Increased Use of Smartphones is Linked to Rising Depression in Teenagers

therapyIn recent years, there has been a serious rise in depression rates among teenagers. Roughly 11% of adolescents experience a depressive disorder by the time they reach 18 years old. This number, unfortunately, is only increasing. Between 2010and 2015, the number of teens showing signs and symptoms of depression increased by 33%, and teen suicide attempts jumped up 23%. Most troubling, the number of 13 or 18-year-olds who committed suicide jumped 31%.

According to Medical News Today, as of 2017, 82% of Americans own or can operate a smartphone, and they are attached to their phone at all hours of the day and night. As for teenagers in the United States, 73% of them have access to a smartphone, and 92% of them say they go online every single day.

What’s the connection between the two? Well, to put it simply, we don’t know for sure, but many therapists and mental health experts fear that smartphone dependency has a negative effect on teen mental health. Many therapists have found that teens who are constantly on smartphones are more depressed than those who are not. So while many teens “love” their phone, it may be harming their ability to live their best life. According to extensive research, teens who spend more than five hours a day online are 71% more likely to have suicide risk factors than those who spend less than one hour a day on their smartphone.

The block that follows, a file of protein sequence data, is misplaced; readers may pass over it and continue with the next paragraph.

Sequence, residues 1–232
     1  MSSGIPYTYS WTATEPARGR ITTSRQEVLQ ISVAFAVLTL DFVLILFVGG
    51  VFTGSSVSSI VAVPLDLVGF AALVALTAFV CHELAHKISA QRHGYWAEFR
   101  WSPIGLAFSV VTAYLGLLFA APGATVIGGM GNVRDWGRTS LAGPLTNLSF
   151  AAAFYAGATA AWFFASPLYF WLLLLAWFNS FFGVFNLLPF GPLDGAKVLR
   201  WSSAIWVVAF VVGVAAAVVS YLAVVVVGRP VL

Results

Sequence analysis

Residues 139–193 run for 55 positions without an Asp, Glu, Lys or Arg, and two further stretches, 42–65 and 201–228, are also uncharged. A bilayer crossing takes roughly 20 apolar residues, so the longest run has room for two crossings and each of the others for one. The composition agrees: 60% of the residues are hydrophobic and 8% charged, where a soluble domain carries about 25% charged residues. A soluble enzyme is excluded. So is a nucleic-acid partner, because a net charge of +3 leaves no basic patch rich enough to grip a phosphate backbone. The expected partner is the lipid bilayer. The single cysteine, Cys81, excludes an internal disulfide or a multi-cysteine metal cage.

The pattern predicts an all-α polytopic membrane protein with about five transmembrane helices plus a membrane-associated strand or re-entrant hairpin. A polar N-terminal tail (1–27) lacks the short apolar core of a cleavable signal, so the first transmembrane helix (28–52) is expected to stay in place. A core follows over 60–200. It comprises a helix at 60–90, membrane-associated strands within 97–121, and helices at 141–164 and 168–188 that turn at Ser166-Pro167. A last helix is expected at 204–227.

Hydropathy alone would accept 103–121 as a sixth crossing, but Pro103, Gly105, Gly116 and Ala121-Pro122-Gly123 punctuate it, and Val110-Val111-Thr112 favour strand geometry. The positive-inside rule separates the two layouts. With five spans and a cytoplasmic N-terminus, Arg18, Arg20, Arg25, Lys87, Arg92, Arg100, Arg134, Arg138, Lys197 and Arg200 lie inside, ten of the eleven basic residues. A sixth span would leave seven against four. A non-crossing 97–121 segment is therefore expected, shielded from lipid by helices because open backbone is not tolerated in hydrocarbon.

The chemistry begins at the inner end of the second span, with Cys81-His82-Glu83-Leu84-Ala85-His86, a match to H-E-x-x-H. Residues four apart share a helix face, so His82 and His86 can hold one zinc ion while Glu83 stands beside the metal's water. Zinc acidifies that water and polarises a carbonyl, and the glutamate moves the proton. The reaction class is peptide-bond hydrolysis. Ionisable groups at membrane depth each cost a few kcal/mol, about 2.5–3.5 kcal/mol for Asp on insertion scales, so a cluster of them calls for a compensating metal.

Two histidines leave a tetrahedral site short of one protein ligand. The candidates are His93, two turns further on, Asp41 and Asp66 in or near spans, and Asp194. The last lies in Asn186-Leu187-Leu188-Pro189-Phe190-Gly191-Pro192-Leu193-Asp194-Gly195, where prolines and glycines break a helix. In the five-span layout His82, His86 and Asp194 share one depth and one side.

So why are smartphones making teens more depressed, with many requiring therapy services at such a young age? Teens who are glued to their smartphones are no longer interacting with their friends in the real world, and some teens struggle to make these connections in the first place. Face-to-face connection is one of the biggest enhancers of human happiness, and smartphones are depriving teens of this basic human contact. Even worse, feeling socially isolated is also a major risk factor for suicide.

Smartphones are also depriving teenagers of much needed sleep. Teens who spend more time on their phones are much less likely than others to get enough sleep. A lack of sleep is yet another big risk factor for depression, so the correlation is revealed in yet another facet. 

As a parent, you may feel helpless to separate your teen from their phone, but there are many things you can do for your teen. First off, therapy is always a great idea for any teen that may be struggling with depression or suicidal thoughts. It may also be a good idea to help your teen limit their time on their phone and on social media. Let your teen know that you are there for them and that they are not alone. For further information or question, don’t hesitate to reach out to a therapist who specializes in talking to teens.

March 6, 2019

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